LAWRENCEVILLE -- Gwinnett commissioners will choose trash haulers for residents, according to a controversial vote Tuesday.
More than a year after a similar plan was thrown out in court, officials adopted a new solid waste plan, dividing the county into five districts for haulers to bid for the jobs.
Commissioner Mike Beaudreau said a study commission of residents last year fully supported the idea, which would cut down on garbage truck traffic in neighborhoods and wear and tear on roads, while forcing county residents to pay for a service instead of illegally dumping trash.
"I feel like this is going to be fairer for taxpayers because we won't be subsidizing service," he said. "I don't think it's perfect at all but I do think it takes care of the vast concerns."
But after a public outcry over the issue, several residents said the decision will re-start recall efforts against the chairman.
"If any one of you as much as run for dog catcher, you are going to have to answer for this," said Charles Grizzle of the Gwinnett chapter of Americans for Prosperity. "Principle and consciousness would dictate ... that you listen to your constituents."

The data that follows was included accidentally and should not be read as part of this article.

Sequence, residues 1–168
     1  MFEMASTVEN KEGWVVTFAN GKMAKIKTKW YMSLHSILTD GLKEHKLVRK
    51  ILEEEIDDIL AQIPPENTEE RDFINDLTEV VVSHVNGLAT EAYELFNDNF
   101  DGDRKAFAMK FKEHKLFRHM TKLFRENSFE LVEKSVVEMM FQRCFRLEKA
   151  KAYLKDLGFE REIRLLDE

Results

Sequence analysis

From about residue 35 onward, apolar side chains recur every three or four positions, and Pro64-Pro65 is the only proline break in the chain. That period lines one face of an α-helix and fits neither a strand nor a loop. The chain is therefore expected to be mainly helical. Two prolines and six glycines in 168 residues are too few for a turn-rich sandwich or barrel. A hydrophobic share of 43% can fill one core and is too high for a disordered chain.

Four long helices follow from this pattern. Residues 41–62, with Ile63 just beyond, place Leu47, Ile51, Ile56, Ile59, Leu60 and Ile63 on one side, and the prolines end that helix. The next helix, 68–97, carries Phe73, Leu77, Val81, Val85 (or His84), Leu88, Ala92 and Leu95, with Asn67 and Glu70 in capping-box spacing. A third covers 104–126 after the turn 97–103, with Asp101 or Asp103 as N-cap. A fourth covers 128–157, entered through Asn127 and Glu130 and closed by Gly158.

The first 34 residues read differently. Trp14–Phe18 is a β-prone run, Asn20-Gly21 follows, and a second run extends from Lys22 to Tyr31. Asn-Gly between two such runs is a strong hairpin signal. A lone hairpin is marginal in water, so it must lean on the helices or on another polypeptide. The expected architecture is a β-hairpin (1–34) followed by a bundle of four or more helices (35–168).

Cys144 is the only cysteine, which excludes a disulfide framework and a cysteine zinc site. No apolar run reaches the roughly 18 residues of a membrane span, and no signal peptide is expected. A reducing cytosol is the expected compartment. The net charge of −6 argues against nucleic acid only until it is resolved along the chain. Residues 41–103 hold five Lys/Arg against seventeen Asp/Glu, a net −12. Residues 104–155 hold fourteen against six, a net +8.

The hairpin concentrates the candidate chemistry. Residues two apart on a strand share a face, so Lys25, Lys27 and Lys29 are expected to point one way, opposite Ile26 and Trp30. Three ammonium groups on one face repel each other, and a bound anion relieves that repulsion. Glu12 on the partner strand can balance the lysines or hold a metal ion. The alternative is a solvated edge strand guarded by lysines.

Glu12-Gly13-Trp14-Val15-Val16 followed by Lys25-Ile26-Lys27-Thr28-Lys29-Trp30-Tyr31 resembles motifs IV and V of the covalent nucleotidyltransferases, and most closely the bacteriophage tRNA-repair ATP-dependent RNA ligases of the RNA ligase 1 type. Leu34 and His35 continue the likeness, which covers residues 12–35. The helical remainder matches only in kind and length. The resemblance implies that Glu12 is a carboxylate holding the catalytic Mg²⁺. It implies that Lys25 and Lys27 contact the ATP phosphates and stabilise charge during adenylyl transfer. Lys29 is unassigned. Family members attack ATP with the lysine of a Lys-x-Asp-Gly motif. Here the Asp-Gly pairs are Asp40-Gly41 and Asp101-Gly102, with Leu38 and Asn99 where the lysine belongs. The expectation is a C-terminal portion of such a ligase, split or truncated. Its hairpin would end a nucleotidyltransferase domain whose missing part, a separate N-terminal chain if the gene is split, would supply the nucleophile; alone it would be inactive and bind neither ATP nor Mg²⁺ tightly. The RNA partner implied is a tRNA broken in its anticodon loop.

Despite a public engagement process as part of a study that led to the plan, residents were angered they could not address commissioners at Tuesday's meeting prior to the vote.
"You are ignoring the will of the people, just like those clowns in Washington," said Debbie Dooley of FreedomWorks, who said a public protest is in the planning stages.
"This is socialism at Def-Con 1," said Buford man John Westmoreland.
An official with Waste Industries, which is involved in one of four lawsuits with the county over the issue, said the plan showed officials worked behind closed doors to satisfy members of the first lawsuit, which was filed after all the residential hauling was assigned to two vendors by Gwinnett Clean and Beautiful.
The nonprofit is not involved in the newest version of the solid waste plan, which goes into effect July 1.
Officials have not determined the contracts or how much service will cost residents.
But Tuesday's vote does map out an expanded recycling program and dictates that every home deemed habitable will be subject to the service -- even if vacant -- with charges coming on county tax bills.
Details on the plan can be found at www.gwinnettcounty.com.